Gardeners may also use the term “burpless” casually to mean a variety that has few seeds and thin skins. If you’re on a quest for easy-to-digest homegrown cucumbers, consider both burpless types and those referred to as “bitterfree.”
Some of the thin-skinned types – burpless or not – include extra-long European varieties with no spines, and spiny, foot-long Asian slicers.
A shorter variety goes by the names Persian or Lebanese, with ‘Beit Alpha’ being a specific cultivar. These are the same smooth-skinned fruits you so often see stacked in small plastic bags in big grocery stores.
There’s a catch-all category that’s usually called “Novelty” or “Specialty” online or in seed catalogs. That’s where you’ll find some of the best conversation starters!
Some of these are merely unusual types of C. sativus, like the sweet-bitter fleshed ‘Brown Russian,’ which resembles nothing so much as a pickle-shaped baking potato.
There’s also the open-pollinated ‘Painted Serpent’ or ’Striped Armenian.’
With striped, curved fruits picked at 15 inches long, it’s commonly referred to as a cuke, though it’s actually a different species, C. melo.
You can find seeds available from Eden Brothers.
One cute novelty variety, Melothria scabra, the ‘Mexican Sour Gherkin,’ aka cucamelon or mouse melon, is used in the same way, but is both a different genus and species from other pickling varieties.
Hybrids vs. Heirlooms
Most of the previous categories of cucumber plant will fit into one or the other of these categories.
Many modern varieties, and all of the parthenocarpic types, are hybrids. This means they were bred in controlled environments to produce certain traits.
One thing to be aware of is that hybrids will not necessarily be the same as the parent plant, or produce the same fruit, if you save the seeds to grow next year.
If you are determined to save seeds to swap or plant next year, open-pollinated heirlooms are your only option.
As for what that label means, according to Sarah Browning, extension educator at the University of Nebraska-Lincoln agricultural extension, many authorities classify a vegetable as an heirloom only if it was developed before 1951.
Some unique cultivars have a legacy that extends much further, and were introduced centuries ago.
“All heirloom plants are open pollinated – meaning that seed from these varieties can be saved each year by home gardeners and will grow “true to type” from seed each time,” Browning added.
“In other words, plants grown from seed will look exactly like the parent plant did, having the same plant size and growth habit, as well as fruit size, color, and flavor.”
Heirlooms often have interesting people as part of their history, like ‘White Wonder.’
This cultivar looks like a newfangled variety with its easy-to-spot creamy-skinned fruits. But it was first introduced by W. Atlee Burpee, who founded Burpee, in 1893.
He came from a highbrow family descended from French Canadian Huguenots, but still became a hobbyist breeder of poultry and plants, meeting with international success when he was just 16!
Burpee rebelled against his father’s idea that he become a medical doctor, instead going into the agriculture business and becoming an early proponent of improved plant seeds.
He came out with ‘White Wonder’ the year before two other Burpee innovations, ‘Iceberg’ lettuce and the ‘Stringless Green Pod Bean.’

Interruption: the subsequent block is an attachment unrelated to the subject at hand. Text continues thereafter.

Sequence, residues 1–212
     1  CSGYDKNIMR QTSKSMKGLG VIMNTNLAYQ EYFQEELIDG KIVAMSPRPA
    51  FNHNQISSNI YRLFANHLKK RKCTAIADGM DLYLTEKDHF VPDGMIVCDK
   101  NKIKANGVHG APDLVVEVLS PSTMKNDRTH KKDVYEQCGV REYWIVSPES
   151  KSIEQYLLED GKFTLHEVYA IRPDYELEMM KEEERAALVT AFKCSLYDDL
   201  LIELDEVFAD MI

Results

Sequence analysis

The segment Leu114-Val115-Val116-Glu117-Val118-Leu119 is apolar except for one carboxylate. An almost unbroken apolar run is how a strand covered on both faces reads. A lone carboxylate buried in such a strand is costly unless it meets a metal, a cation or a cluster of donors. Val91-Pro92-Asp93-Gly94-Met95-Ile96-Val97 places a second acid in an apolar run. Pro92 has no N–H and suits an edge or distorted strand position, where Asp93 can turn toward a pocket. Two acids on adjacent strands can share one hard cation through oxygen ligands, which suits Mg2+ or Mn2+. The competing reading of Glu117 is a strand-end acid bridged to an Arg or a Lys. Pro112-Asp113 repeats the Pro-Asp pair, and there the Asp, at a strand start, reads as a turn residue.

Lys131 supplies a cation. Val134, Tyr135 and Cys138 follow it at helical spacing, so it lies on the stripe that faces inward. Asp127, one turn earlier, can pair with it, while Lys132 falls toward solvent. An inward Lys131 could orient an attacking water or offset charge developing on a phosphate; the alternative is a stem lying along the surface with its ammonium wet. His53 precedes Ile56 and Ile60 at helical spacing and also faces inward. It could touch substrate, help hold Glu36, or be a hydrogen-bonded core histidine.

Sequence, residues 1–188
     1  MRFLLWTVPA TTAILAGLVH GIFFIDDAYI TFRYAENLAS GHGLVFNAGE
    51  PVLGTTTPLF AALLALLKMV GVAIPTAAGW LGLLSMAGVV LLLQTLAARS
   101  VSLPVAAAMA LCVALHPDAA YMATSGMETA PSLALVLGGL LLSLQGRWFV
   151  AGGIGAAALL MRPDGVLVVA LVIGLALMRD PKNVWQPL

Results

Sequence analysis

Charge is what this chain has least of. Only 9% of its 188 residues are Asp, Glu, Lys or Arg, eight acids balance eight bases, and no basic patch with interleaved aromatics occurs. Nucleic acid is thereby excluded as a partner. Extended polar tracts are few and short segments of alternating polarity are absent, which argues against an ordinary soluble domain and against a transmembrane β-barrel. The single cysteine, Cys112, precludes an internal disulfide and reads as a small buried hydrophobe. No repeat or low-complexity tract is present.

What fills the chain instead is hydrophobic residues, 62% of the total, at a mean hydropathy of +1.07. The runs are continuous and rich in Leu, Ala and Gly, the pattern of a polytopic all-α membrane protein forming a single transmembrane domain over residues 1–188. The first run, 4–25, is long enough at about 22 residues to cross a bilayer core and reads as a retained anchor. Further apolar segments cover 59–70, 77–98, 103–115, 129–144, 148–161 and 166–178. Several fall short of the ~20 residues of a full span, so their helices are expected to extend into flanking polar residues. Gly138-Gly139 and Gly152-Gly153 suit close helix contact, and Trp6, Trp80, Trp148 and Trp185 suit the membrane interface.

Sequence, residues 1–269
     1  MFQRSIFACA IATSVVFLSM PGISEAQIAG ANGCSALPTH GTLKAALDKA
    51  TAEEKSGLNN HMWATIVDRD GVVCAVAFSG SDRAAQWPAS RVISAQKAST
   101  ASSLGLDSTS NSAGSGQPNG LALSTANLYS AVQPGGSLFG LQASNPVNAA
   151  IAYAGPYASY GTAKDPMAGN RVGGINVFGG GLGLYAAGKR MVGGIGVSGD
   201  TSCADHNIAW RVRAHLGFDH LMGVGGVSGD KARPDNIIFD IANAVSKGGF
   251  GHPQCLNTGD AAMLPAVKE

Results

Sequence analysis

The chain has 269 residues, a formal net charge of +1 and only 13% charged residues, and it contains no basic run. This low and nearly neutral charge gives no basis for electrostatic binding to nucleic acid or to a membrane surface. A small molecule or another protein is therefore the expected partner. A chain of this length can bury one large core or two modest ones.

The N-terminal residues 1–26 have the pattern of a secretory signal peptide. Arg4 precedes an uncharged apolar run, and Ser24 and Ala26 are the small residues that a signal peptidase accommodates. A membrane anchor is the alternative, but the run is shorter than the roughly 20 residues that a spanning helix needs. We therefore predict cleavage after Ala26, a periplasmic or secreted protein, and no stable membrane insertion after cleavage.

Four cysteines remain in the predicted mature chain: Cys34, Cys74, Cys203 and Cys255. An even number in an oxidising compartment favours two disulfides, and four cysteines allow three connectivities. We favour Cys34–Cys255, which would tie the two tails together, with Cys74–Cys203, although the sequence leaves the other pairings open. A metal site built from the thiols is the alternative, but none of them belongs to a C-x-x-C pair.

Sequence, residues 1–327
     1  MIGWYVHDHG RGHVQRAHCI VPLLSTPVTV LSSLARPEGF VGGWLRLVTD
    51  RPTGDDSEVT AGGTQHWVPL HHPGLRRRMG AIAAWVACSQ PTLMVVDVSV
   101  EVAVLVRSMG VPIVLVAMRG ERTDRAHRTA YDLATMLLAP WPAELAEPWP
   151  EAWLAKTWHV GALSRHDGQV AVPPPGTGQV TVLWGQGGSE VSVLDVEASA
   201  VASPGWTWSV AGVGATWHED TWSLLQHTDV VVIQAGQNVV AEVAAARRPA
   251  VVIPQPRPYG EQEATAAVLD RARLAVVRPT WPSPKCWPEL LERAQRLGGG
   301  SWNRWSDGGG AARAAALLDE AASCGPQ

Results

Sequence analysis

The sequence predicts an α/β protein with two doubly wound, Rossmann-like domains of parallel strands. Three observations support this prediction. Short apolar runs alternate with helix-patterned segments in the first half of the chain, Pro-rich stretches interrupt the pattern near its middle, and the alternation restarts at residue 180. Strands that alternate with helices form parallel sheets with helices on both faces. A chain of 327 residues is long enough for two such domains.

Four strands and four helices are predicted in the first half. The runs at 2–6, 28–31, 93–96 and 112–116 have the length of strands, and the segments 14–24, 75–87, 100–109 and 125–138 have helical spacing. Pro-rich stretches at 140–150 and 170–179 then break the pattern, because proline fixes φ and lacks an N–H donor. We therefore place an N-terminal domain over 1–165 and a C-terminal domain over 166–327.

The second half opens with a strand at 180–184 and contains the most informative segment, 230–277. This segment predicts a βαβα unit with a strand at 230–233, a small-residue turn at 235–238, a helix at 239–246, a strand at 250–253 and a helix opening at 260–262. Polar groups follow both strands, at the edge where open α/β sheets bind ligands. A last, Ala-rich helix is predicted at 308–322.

‘White Wonder’ is a vining variety that produces cream-colored, six- to eight-inch fruits.
Seeds are available from Eden Brothers in a variety of packet sizes.
The varieties that have been passed down from generation to generation may also taste better than their hybrid counterparts, or at least taste more like the fruits you remember from childhood or a relative’s garden.
But hybrids have been bred to solve problems that stand in the way of successfully growing a crop. Cucumber hybrids are an especially valuable option, because they are resistant to many diseases that can ravage heirloom plants, such as fusarium wilt.
Many growers and seed swapping organizations will note if an heirloom is particularly susceptible to a certain disease, or more than one. If the disease is prominent in your growing area, you should avoid planting that cultivar.
And to be on the safe side, when you grow heirlooms, be extra diligent with measures that will protect them from disease. These can include crop rotation, interplanting, and providing ample spacing.
Which Cuke will Make the Cut for Your Garden Team?
There’s one more thing I’d like to emphasize about the extravagant number of selections described here:
Don’t let it throw you!
It’s pretty simple to make a quick choice of either the pickling or slicing category, and then narrow that to a bush or vining variety, and go about your day.
Or you can savor the choice, look at all the types, and then spend hours more choosing a cultivar that has the right name, the perfect look, and a great back story.
What about you? What’s your approach to picking cucumbers to grow in the garden? Share any food for thought in the comments section below, or any questions.
And for more information about growing cucumbers in your garden, check out these guides next:
About Rose Kennedy
An avid raised bed vegetable gardener and former “Dirt to Fork” columnist for an alt-weekly newspaper in Knoxville, Tennessee, Rose Kennedy is dedicated to sharing tips that increase yields and minimize work. But she’s also open to garden magic, like the red-veined sorrel that took up residence in several square yards of what used to be her back lawn. She champions all pollinators, even carpenter bees. Her other enthusiasms include newbie gardeners, open-pollinated sunflowers, 15-foot-tall Italian climbing tomatoes, and the arbor her husband repurposed from a bread vendor’s display arch. More importantly, Rose loves a garden’s ability to make a well-kept manicure virtually impossible and revive the spirits, especially in tough times.